Because creative writing is such a "difficult and personal task"--in the words of third-year student Paul Pfeiffer, whose short story "Meter Man" won first prize last year from New York–based Poets and Writers, Inc.—it requires confidence building, exploration, and experimentation. In such a process, mentorship is critical. Students in all disciplines seek out motivating teachers, but for budding creative writers, the student-teacher relationship is critical to their growth and discovery. Almost without exception, IU alumni and students, in describing their graduate school experiences, sing the praises of specific faculty members who in most cases were a deciding factor in their selection of IU and who often remain lifelong confidants and friends. The diversity of individual faculty members is frequently cited as the trump card in this "name-brand recognition" in which the voice, personality, and mentoring qualities play greater roles than any brochure or syllabus. In describing their graduate-school experiences, current students and alumni often embark upon a litany of current faculty members they admire and respect: Roger Mitchell, director of the program, Maura Stanton, David Wojahn, Yusef Komunyakaa, and Scott Russell Sanders. Frequently, these faculty members are seen as strongly complementing one another.
Alison Joseph, assistant professor of English at Southern Illinois University and a 1992 M.F.A. graduate, says she found the diversity of faculty members as writers particularly attractive. She characterizes Stanton as quiet, shy, and skilled in the technical aspects of writing; Wojahn as clever, witty, and concerned with a writers' overall effect; and Komunyakaa as generous and hands-on oriented, someone who edits students' papers word by word. Likewise, Jim Harms, assistant professor of English at West Virginia University, who received his M.F.A. from IU in 1988, remembers the creative writing faculty as "diverse and strongly committed." After applying to ten graduate programs, including those at the University of Iowa, Columbia University, and the University of Arizona, his selection of IU "came down to the faculty and the opportunity to teach," he says.
While alumni and students most frequently cite faculty credentials, they also mention a variety of other factors in IU's favor: generous funding, which enables most graduate students to teach, particularly creative writing courses; a three-year creative writing program, instead of the customary two-year program, which provides more time for cultivating one's writing; the fact that the program is kept a manageable size; exposure to great authors through a literature requirement, the Indiana University Writers' Conference, the Indiana Review (a literary journal published by M.F.A. in creative writing students at IU), and cultural experiences; Bloomington's activist, creative tradition; and, a tightly knit, gregarious "writers' community" that often meets in students' and faculty members' homes, as well as in Bloomington restaurants and coffeehouses to share verses and stories, insights, feedback, support, and all the stuff of friendship. To writers striving to find themselves professionally and their own voice, this is, indeed, an appealing combination.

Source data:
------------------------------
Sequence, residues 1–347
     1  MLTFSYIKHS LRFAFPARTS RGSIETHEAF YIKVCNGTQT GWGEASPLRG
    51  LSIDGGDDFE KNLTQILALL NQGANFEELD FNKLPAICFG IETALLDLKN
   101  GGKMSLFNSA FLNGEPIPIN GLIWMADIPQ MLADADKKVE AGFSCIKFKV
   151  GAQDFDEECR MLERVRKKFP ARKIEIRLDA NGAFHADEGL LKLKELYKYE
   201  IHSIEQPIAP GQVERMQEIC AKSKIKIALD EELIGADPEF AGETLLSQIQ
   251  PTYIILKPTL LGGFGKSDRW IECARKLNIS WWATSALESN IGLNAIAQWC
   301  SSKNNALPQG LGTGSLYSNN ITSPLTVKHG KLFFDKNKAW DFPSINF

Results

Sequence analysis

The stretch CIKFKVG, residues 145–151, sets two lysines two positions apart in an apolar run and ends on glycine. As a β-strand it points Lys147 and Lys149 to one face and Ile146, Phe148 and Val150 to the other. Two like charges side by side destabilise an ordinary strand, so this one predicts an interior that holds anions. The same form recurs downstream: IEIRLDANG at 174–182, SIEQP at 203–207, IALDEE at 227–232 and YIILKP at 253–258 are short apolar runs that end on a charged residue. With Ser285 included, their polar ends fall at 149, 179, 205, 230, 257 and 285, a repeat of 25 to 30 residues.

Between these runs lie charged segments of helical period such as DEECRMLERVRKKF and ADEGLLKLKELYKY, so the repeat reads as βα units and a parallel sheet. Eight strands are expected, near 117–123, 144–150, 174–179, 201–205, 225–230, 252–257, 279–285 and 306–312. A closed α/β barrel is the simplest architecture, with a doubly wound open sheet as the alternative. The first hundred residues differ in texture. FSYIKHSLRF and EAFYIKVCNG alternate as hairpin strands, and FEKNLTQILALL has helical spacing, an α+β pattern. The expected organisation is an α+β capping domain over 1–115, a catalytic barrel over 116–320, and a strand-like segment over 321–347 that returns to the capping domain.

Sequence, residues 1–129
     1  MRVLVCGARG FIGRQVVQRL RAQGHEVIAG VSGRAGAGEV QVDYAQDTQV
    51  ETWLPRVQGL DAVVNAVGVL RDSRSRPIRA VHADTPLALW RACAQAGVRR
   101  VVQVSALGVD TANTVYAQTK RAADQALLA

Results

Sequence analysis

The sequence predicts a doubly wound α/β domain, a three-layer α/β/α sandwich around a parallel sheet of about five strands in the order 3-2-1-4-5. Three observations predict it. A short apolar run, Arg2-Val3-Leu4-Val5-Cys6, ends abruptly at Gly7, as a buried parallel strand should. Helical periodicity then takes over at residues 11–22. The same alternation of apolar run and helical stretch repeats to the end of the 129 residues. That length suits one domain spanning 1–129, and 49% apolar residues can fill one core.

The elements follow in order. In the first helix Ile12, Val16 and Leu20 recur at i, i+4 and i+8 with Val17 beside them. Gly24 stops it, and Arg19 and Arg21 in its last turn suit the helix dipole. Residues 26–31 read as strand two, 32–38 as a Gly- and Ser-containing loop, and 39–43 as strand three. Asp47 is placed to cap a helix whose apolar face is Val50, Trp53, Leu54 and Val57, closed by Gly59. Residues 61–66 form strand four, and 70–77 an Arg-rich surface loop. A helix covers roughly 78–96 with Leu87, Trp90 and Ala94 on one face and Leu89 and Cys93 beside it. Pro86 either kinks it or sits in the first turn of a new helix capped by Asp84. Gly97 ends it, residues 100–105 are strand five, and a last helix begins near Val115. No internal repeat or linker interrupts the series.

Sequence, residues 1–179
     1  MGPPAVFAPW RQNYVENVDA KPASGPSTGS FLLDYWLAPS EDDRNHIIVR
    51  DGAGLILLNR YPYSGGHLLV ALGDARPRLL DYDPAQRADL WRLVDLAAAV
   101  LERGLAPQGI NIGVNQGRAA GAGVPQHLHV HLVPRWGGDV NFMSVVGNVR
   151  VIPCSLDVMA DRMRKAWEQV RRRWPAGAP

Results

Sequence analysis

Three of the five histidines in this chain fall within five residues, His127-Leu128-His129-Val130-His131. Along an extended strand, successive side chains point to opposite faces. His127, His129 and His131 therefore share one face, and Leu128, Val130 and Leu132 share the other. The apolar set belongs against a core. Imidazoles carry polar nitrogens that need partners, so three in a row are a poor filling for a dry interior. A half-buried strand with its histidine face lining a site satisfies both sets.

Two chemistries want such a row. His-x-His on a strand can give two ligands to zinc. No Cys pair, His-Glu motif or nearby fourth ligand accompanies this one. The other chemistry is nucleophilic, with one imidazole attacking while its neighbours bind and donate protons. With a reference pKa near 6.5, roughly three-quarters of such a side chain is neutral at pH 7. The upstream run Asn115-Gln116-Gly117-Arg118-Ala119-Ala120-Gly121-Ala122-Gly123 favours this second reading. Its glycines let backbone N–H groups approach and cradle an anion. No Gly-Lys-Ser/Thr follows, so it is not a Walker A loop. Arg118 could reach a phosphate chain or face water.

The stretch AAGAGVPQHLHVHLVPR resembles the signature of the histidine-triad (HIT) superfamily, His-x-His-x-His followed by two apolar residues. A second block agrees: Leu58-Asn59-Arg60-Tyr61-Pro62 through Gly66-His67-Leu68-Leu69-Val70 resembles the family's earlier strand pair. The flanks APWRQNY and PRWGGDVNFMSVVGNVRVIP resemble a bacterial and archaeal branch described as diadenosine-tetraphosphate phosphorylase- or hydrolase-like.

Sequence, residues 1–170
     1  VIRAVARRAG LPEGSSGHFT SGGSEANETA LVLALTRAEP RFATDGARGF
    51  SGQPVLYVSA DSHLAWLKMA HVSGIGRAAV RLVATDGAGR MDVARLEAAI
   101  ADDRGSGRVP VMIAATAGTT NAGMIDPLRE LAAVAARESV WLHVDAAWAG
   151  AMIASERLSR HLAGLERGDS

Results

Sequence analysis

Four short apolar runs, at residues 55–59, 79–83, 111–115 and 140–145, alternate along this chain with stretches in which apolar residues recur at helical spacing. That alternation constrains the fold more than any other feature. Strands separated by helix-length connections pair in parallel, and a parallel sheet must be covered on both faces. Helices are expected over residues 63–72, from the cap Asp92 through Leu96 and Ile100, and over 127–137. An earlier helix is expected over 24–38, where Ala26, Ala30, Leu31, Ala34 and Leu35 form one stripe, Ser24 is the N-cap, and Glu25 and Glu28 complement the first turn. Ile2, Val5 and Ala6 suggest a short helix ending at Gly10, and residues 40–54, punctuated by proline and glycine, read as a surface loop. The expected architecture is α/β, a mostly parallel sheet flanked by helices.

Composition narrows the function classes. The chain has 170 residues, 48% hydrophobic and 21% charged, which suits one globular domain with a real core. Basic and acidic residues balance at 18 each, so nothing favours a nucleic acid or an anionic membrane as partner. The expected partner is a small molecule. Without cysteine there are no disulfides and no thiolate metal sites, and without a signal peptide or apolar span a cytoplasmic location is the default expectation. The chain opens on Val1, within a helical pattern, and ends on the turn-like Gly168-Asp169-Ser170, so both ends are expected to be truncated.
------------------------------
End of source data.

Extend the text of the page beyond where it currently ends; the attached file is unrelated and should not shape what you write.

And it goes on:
The calibre of IU's program is reflected in the application process. Chris Green, a third-year Ph.D. student, recalls being required to submit twenty pages of poetry—ten to twelve pages is common in most other programs, he says—in addition to statements about teaching and about entering the program when he applied two years ago. This, plus the literature requirement, makes IU's program, in Green's opinion, "one of the most rigorous and thorough of M.F.A. programs."
Students and alumni say there are definite advantages to a mid-size program—IU's currently has thirty-two graduate students in creative writing—compared to larger programs, such as the University of Iowa's Writing Workshop in which one hundred students are currently enrolled. Both Harms and Erin McGraw, an assistant professor of English at the University of Cincinnati, stress the fact that IU's program is smaller than that of other major universities. McGraw treasuresd the opportunity to work on the Indiana Review, to read others students' works, and as a budding published writer, "to get back up on that horse and ride." Reading twenty manuscripts a day was just the exposure the 1992 M.F.A. graduate says she needed to become a short-story author for Atlantic Monthly and an upcoming author for an anthology to be released in 1996 by Chronicle Books.